Genome-wide Association Study has presented a promising way to understand the association between human genomes and complex traits. Many simple polymorphic loci have been shown to explain a significant fraction of phenotypic variability. However, challenges remain in the non-triviality of explaining complex traits associated with multifactorial genetic loci, especially considering the confounding factors caused by population structure, family structure, and cryptic relatedness. In this paper, we propose a Squared-LMM (LMM2) model, aiming to jointly correct population and genetic confounding factors. We offer two strategies of utilizing LMM2 for association mapping: 1) It serves as an extension of univariate LMM, which could effectively correct population structure, but consider each SNP in isolation. 2) It is integrated with the multivariate regression model to discover association relationship between complex traits and multifactorial genetic loci. We refer to this second model as sparse Squared-LMM (sLMM2). Further, we extend LMM2/sLMM2 by raising the power of our squared model to the LMMn/sLMMn model. We demonstrate the practical use of our model with synthetic phenotypic variants generated from genetic loci of Arabidopsis Thaliana. The experiment shows that our method achieves a more accurate and significant prediction on the association relationship between traits and loci. We also evaluate our models on collected phenotypes and genotypes with the number of candidate genes that the models could discover. The results suggest the potential and promising usage of our method in genome-wide association studies.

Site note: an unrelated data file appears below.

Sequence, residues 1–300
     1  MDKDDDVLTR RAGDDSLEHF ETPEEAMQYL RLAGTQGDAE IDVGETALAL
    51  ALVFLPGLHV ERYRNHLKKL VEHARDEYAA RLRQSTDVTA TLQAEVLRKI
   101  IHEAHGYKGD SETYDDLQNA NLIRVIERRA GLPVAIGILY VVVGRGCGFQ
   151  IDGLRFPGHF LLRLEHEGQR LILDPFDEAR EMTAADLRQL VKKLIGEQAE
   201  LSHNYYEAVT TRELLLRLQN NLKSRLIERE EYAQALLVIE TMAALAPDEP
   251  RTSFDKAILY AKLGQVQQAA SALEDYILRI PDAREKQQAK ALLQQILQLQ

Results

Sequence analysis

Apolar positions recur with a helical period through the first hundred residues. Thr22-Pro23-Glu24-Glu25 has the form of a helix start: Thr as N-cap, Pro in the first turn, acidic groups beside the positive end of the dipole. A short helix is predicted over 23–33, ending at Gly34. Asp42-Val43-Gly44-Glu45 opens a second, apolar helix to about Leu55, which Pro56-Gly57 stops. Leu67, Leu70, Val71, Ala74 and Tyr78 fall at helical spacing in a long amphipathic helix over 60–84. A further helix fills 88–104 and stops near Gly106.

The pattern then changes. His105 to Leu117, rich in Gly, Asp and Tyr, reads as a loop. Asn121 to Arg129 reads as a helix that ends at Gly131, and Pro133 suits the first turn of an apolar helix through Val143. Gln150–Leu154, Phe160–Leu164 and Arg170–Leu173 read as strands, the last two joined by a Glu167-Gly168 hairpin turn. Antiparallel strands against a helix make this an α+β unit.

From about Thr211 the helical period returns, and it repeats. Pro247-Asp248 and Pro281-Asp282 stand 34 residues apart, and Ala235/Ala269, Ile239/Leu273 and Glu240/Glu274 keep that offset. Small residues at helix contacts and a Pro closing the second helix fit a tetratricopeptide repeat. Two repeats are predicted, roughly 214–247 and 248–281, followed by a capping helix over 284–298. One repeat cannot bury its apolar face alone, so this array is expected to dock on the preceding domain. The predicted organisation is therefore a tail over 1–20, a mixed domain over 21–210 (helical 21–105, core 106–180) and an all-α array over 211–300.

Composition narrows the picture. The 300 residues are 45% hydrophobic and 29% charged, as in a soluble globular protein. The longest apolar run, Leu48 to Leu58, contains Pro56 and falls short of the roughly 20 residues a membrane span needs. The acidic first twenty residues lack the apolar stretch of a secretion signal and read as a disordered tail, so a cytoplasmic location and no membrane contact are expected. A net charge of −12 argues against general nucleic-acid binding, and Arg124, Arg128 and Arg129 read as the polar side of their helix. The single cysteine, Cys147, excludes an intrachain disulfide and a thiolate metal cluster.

Keywords: Confounding factors; Genome-wide Association Study; Kinship matrix; Mixed model.
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